Journal for the Scientific Study of Religion 01/2010; 49(3):536-49. · 1.35 Impact Factor
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    ABSTRACT: Few longitudinal studies have examined the adoption of bans on smoking in private homes. This longitudinal study examined: (1) the prevalence of home smoking bans at baseline, (2) the incidence and predictors of new ban implementation by follow-up, and (3) the reasons for banning smoking and the difficulties with enforcement. The sample consisted of 1360 adults of Korean descent residing in California who were interviewed by telephone (in English/Korean) at baseline during 2001-2002 and re-interviewed in 2006-2007. Data analyses were conducted in 2007-2008. The proportion of respondents with a complete household smoking ban grew from 59% at baseline to 91% by the follow-up interview. Among the 552 respondents who did not have a ban at baseline, 84% had adopted a ban by follow-up. Three baseline factors independently predicted ban adoption during the follow-up period: the presence of a nonsmoking respondent or spouse, the presence of nonsmoking family members, and respondent's belief that secondhand smoke caused lung cancer. The most highly rated reasons for banning smoking were as follows: because smoke annoys others, to protect family members, to avoid the odor, to discourage youth from smoking, and to encourage smokers to quit. Finally, respondents indicated that they would find it most difficult to ask their parent-in-law not to smoke. The proportion of households with smoking bans increased substantially, but households with smokers or family members who smoke remained less likely to implement bans. The importance of culturally sensitive programs to promote household bans cannot be overstated.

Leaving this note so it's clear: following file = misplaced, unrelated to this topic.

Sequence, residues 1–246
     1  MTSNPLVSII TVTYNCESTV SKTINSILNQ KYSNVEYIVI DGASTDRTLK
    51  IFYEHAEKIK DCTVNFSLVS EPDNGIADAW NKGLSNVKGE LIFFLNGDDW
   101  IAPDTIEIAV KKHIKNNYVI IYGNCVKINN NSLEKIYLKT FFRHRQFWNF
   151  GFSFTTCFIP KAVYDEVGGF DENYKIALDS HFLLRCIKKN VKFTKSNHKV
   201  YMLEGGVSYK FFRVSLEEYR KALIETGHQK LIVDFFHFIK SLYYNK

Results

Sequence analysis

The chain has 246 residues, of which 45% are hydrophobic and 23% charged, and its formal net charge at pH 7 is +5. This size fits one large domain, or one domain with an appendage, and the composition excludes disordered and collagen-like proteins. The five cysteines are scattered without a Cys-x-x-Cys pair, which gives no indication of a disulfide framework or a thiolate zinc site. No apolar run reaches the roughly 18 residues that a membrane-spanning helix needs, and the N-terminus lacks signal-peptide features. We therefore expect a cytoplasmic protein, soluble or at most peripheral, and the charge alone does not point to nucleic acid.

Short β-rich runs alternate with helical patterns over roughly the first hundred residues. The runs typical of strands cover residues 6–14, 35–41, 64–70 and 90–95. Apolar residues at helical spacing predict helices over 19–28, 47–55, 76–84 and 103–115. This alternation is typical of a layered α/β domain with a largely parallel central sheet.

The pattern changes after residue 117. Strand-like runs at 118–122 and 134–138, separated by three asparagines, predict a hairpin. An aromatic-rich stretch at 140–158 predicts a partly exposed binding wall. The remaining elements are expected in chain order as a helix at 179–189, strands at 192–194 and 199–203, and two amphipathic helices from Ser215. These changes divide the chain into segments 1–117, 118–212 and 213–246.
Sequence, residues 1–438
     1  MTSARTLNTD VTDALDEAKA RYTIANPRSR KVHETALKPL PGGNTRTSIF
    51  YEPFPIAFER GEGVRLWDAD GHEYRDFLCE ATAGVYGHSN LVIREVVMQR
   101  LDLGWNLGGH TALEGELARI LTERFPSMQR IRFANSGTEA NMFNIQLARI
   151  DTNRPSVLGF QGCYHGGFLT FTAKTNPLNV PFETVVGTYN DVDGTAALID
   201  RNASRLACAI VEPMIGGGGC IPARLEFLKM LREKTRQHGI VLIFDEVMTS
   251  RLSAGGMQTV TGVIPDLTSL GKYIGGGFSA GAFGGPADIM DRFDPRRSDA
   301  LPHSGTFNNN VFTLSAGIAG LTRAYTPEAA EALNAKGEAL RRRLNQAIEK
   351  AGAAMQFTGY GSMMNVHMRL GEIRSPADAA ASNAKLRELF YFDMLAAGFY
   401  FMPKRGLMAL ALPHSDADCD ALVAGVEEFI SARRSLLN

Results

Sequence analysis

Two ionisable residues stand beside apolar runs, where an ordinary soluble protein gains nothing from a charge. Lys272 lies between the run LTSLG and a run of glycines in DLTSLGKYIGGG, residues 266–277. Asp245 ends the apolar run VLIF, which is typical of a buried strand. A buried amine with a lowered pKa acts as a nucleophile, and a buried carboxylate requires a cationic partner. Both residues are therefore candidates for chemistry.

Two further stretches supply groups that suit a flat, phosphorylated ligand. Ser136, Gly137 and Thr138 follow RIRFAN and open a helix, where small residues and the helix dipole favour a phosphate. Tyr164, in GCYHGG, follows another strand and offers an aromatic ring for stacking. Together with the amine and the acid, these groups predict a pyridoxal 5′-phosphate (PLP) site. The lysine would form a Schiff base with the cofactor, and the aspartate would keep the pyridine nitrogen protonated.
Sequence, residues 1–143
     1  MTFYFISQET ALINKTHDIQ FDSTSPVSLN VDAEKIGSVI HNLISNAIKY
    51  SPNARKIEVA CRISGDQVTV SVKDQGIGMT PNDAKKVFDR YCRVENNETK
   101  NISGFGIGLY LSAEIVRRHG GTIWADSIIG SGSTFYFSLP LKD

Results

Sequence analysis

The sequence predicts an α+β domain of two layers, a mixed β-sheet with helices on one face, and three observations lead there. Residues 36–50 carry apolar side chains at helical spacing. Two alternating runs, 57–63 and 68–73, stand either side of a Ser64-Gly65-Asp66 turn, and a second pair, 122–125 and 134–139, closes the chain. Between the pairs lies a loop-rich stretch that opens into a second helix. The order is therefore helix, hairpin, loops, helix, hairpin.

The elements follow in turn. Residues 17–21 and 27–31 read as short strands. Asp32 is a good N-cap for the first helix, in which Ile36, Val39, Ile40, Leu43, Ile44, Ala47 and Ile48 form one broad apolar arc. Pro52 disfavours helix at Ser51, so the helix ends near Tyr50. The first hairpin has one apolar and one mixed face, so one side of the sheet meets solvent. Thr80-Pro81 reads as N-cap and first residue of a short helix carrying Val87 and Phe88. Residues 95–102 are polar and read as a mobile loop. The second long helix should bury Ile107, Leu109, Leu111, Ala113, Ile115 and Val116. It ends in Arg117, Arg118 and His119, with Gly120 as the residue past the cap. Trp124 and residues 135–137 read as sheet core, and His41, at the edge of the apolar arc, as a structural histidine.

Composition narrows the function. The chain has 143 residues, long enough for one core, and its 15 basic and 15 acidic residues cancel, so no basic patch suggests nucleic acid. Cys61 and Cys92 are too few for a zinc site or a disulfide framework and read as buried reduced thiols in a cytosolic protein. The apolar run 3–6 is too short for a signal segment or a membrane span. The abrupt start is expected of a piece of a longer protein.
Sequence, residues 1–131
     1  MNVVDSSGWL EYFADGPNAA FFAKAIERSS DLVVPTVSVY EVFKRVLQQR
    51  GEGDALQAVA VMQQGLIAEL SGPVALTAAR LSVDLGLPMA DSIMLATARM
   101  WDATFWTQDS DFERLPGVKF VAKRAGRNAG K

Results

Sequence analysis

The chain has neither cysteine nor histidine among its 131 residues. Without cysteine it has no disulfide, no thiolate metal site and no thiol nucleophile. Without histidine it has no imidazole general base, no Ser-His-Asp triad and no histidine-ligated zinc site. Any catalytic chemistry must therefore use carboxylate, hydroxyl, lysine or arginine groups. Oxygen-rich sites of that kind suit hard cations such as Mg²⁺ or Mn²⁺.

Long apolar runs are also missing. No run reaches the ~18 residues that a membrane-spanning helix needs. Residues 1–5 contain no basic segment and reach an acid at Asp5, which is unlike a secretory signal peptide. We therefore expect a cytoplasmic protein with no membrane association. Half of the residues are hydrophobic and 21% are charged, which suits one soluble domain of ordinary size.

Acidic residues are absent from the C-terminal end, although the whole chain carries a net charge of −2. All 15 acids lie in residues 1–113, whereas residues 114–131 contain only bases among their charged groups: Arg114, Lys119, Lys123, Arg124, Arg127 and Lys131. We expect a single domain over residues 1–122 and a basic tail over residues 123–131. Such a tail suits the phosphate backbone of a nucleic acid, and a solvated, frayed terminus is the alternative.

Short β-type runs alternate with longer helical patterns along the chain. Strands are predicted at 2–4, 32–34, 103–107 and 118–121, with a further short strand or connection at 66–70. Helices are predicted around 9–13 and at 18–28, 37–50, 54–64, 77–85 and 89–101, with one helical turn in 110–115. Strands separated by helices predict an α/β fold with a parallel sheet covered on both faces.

American journal of preventive medicine 11/2009; 37(5):437-40. · 4.24 Impact Factor